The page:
For the 64th straight year, the winner of the PGA Tour’s RBC Canadian Open was not a Canadian, but if a native son was not going to win, World No. 1 Dustin Johnson was as acceptable of an option to the fervent Canuck crowd as there was.
Johnson, who has been engaged to the daughter of Canadian super-legend Wayne Gretzky since 2013, and is the father of two Gretzky grandchildren is something of an honorary Canadian. He even took his first tee shot of the week donning a jersey of The Great One.
Emerging from a four-way 54-hole tie atop the leaderboard at Glen Abbey by shooting a final-round 6-under 66, Johnson reached 23-under-par for the week, and won the RBC Canadian Open by three strokes over the South Korean duo of Whee Kim and Byeong Hun An.
Twice a runner-up at the Canadian Open, DJ’s first victory in the Great White North was the 19th of his PGA Tour career, tying him with legends Ben Crenshaw, Ernie Els, and Tom Kite on the all-time list.
Just 34 years of age, Johnson is likely to ascend further up the list. His third victory of the season, he became the first player on Tour since Tiger Woods in 2009 to score at least three wins in three consecutive seasons.
FINAL TOP 10
1. Dustin Johnson -23
2. Whee Kim -20
2. Byeong Hun An -20
4. Keegan Bradley -19
5. Abraham Ancer -17
6. Danny Lee -16
6. Tommy Fleetwood -16
8. Joel Dahmen -15
8. Mackenzie Hughes -15
8. Brandt Snedeker -15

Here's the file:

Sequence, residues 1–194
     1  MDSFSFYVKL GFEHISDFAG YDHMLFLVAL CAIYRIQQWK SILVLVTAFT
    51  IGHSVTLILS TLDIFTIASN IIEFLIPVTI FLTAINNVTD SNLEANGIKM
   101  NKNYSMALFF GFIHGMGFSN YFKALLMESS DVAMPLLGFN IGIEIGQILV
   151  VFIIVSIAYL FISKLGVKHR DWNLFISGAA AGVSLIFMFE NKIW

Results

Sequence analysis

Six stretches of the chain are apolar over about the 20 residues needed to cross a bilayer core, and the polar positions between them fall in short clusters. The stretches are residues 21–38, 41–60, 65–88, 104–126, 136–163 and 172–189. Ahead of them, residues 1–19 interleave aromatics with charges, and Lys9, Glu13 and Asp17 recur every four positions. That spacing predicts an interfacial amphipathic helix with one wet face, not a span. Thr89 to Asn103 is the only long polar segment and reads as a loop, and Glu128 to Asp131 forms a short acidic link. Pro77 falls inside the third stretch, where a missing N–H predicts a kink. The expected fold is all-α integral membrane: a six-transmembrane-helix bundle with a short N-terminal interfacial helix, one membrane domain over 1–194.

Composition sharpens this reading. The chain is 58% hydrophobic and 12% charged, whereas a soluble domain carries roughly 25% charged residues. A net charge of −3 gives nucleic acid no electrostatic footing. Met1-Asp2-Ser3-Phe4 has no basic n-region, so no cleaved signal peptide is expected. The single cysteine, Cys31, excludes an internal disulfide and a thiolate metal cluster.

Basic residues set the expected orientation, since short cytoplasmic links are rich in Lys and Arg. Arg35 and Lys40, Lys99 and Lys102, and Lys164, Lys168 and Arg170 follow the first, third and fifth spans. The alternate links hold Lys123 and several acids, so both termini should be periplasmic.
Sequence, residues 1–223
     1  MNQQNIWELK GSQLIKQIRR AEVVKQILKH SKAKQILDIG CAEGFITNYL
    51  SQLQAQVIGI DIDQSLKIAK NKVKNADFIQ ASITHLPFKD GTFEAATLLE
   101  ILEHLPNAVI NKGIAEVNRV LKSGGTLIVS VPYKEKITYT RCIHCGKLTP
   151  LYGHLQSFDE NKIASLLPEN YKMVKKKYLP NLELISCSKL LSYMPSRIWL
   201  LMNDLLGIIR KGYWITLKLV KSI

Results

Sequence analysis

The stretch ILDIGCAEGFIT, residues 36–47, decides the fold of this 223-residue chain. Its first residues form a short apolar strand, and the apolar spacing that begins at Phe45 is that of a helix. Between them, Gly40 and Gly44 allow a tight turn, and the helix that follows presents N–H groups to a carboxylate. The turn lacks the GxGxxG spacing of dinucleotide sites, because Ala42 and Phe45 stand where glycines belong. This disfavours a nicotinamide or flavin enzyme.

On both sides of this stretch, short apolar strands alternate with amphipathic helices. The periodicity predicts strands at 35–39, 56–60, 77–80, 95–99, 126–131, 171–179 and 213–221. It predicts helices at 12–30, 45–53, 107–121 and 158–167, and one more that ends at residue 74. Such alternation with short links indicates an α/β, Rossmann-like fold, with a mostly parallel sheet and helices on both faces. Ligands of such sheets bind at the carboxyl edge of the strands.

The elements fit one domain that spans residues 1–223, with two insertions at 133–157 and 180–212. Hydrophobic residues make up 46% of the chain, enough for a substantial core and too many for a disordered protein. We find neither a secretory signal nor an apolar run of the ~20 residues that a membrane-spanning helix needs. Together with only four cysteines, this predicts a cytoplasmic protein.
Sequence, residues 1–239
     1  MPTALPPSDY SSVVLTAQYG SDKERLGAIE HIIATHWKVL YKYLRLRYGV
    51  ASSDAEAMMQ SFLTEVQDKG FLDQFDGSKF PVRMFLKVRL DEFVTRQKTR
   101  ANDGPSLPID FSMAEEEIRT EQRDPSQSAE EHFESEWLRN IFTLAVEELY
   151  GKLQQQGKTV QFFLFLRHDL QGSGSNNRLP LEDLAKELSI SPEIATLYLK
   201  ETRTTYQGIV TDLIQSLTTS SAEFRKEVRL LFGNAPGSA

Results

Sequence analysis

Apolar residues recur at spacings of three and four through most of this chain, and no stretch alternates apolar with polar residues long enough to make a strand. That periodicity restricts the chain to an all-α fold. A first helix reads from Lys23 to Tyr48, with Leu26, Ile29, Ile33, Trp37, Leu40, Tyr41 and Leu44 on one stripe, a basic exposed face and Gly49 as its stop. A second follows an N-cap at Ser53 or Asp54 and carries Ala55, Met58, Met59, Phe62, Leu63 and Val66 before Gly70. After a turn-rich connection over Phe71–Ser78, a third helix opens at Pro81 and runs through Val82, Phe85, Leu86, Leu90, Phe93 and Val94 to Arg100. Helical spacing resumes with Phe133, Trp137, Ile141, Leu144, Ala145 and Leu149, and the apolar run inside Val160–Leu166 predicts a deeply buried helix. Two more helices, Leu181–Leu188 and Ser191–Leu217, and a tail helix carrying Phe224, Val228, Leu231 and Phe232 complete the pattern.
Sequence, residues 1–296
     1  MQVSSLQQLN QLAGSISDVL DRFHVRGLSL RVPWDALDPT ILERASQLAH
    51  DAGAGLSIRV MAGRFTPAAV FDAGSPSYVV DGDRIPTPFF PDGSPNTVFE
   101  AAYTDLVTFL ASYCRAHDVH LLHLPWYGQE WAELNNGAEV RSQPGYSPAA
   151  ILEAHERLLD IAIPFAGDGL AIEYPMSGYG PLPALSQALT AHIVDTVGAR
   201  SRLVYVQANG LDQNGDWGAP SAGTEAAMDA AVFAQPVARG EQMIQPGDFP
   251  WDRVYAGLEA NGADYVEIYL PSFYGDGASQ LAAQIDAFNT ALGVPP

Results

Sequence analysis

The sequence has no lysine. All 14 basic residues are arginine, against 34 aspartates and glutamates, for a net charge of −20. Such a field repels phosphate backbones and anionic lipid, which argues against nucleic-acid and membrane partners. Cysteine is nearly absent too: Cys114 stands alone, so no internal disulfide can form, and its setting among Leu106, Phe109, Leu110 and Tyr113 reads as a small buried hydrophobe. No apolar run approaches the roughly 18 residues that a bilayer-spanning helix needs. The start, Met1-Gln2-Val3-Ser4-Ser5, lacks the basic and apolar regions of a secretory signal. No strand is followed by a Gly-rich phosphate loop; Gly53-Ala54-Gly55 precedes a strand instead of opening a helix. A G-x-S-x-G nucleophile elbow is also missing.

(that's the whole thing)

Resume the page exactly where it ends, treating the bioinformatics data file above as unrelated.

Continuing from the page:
8. Andrew Putnam -15
12. Ian Poulter -14
12. Shane Lowry -14
17. Kevin Tway -13
17. Graeme McDowell -13
22. Gary Woodland -12
29. Jhonattan Vegas -11
29. Jimmy Walker -11
29. Charley Hoffman -11
37. Tony Finau -10
37. Joaquin Niemann -10
45. Jim Furyk -9
50. Steve Stricker -8
61. JB Holmes -7
HOW DUSTIN JOHNSON WON THE RBC CANADIAN OPEN
Dustin Johnson started Sunday in a four-way tie for the lead, but was easily the most accomplished of the bunch, which also included Kim, An, and Kevin Tway, three players who have combined for zero career Tour wins.
The tie was short-lived into round four though, as Johnson birdied the first two holes to snag a lead he would never relinquish.
A lengthy weather delay mid-round threatened to disrupt DJ’s momentum, but he ended up playing even better on the back nine than on the front.
With birdies on all three back-nine par-5s, nobody was able to put serious pressure on the lead, and with three holes to go, Johnson’s triumph was a foregone conclusion. He very nearly eagled the final hole, but the crowd still erupted when he tapped in for birdie to seal the win.
For the week, DJ lead the field in strokes gained: off-the-tee and strokes gained: tee-to-green, two categories he already leads the PGA Tour in, and he was the co-leader in greens in regulation while placing sixth in driving accuracy.
WHAT IT MEANS FOR DJ
Johnson’s third victory of the 2018 season came at a propitious time, as he was an enormous disappointment in missing the cut at last week’s Open Championship in Scotland.The rapid bounceback should be a nice confidence builder with elite events coming up in each of the next two weeks, first the WGC-Bridgestone Invitational, which DJ won two years ago, and then the PGA Championship, the final major of the season.
The win padded his lead in the FedExCup standings, as he now leads Justin Thomas by 527 points.
Sunday might have ultimately been about DJ, but a number of others flourished in the final round. For the second time this week, Keegan Bradley had the lowest round in the field, this time shooting a bogey-free 8-under 64 that included six birdies an an eagle hole-in from 151 yards out on the par-4 9th hole.
Keegan Bradley hits a shot from the 16th tee during the final round of the 2018 RBC Canadian Open at Glen Abbey Golf Club in Oakville, Canada. Credit: Vaughn Ridley/Getty Images